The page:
William Kenneth Little
Department of
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My research focuses most generally on the analysis of society as spectacle, visual culture, and popular cultural performance in both Euro-North American and postcolonial societies. My earliest fieldwork with the European one-ring circus focused on politics and poetics of spectacle and performance in the making of an entertainment culture. My circus work concerned itself with the cultural production of the circus, with the dialogics and discourses of sight, and with contemporary encounters with circus artists. I am now in the process of writing the life histories of three circus artists in concert with a cultural and historical analysis of European circus spectacles and fascism in hopes of developing an idea about the varied crises of the modern, most significantly revealed by fascism. I have conducted research on tourist safaris in Kenya as spectacle productions, analyzing the visual politics of tourist experience and I am now conducting research on the rise of the tourist state in Belize . The Belize research turns its attention to how tourism becomes a significant modality through which transnational, late-modern, everyday life is organised and how tourist encounters opened imaginative spaces that stimulate new identity productions, highlight new aspects of social relations and interactions with nature that actively ensure new "fantasies of becoming" even as new social pressures develop to try and control the flows of tourist desire. I am interested in new ways of thinking about and through flows, processes, and interconnections in touristic encounters, productions and narratives as a means of tracking the enactments of citizenship under the pressures of local and global transformations. In sum, I work on questions of spectacle consumption, capitalism, and everyday life. Related to these interests are my concerns with questions of representation and interpretation opened up by post-structural approaches to socio-cultural analysis and an abiding interested in ethnographic writing as a performative process. I am also committed to keeping the crucial importance of politcal/historical/cultural reflection in the forefront of my research, teaching, and ethnographic practice.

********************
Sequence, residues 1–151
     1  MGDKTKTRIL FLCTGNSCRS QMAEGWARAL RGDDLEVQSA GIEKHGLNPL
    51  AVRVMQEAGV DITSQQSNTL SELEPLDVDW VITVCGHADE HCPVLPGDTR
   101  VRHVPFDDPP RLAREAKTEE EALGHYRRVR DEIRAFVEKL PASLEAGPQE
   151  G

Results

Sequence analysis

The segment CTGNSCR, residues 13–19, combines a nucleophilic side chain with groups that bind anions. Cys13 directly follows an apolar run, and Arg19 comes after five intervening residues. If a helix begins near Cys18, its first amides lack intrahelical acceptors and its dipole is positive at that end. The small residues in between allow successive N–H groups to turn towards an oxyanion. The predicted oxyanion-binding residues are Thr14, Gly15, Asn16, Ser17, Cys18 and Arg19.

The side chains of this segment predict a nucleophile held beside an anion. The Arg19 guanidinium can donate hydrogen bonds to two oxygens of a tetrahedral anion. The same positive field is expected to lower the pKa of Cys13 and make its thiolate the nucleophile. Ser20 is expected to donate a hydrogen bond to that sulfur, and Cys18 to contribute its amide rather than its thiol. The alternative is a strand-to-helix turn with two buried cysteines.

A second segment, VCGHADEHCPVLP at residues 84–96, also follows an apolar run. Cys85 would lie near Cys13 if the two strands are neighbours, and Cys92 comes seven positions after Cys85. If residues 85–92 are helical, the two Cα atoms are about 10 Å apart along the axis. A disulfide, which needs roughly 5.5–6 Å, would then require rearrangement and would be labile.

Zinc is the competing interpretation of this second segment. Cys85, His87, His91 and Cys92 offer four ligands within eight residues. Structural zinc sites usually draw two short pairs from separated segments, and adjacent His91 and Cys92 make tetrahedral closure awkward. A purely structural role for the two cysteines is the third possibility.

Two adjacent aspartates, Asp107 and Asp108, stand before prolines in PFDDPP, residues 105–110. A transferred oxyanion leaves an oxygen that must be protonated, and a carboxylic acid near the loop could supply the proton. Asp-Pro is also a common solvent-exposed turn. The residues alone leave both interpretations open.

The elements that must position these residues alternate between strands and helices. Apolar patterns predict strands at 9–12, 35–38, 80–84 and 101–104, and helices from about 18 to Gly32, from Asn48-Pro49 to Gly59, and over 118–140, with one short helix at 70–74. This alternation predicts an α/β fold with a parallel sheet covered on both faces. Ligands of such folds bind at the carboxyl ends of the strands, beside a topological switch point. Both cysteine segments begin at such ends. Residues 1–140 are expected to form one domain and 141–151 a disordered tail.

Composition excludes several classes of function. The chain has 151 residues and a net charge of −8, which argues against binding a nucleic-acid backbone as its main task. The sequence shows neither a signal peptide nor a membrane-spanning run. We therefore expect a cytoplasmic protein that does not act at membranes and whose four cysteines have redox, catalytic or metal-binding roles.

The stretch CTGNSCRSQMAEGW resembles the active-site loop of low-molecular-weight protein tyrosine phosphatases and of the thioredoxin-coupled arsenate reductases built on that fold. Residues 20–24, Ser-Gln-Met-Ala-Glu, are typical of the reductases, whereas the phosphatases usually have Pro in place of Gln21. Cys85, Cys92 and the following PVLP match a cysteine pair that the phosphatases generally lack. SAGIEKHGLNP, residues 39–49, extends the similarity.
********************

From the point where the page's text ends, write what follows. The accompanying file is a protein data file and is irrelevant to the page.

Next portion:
Representative Publications

2003 "Pitu's Doubt: Entrée Clown Self-fashioning in the Circus Tradition" In Joel Schechter, ed., Popular Theatre: A Sourcebook. Pp. 138-149. London and New
York: Routlegde. (re-issued article)

Talking Circus not Culture: The Politics of Identity in European Circus Discourse. Qualitative Inquiry 1 (3): 346-359.

1994 Reading Archaos: Transgression, Surveillance, and the Spaces of Power in Popular Entertainment. In J. Marriott & I. Neuman (eds.), Sensoria from Censorium 2 . Mangagin Books, pp.1-8.

Masochism, Spectacle, and the ‘Broken Mirror' Clown Entrée: A Note on the Anthropology of Performance in Postmodern Culture. Cultural Anthropology 8 (1): 117-129.


The Rhetoric of Romance and the Simulation of Tradition in Circus Clown Performance. Theme issue, "The Semiotics of the Circus," Semiotica 85 (3/4): 227-255.


A Mutual Parody of Meaning in Circus Clown and Ethnographic Discourse. Theme issue, "From Method to Modesty: Essays on Thinking and Making Ethnography," Culture 11 (1/2): 77-92.


On Safari: The Visual Politics of a Tour Representation. In D. Howes (ed.), The Varieties of Sensory Experience: A Sourcebook in the Anthropology of the Senses. Toronto: University of Toronto Press, pp. 149-163.


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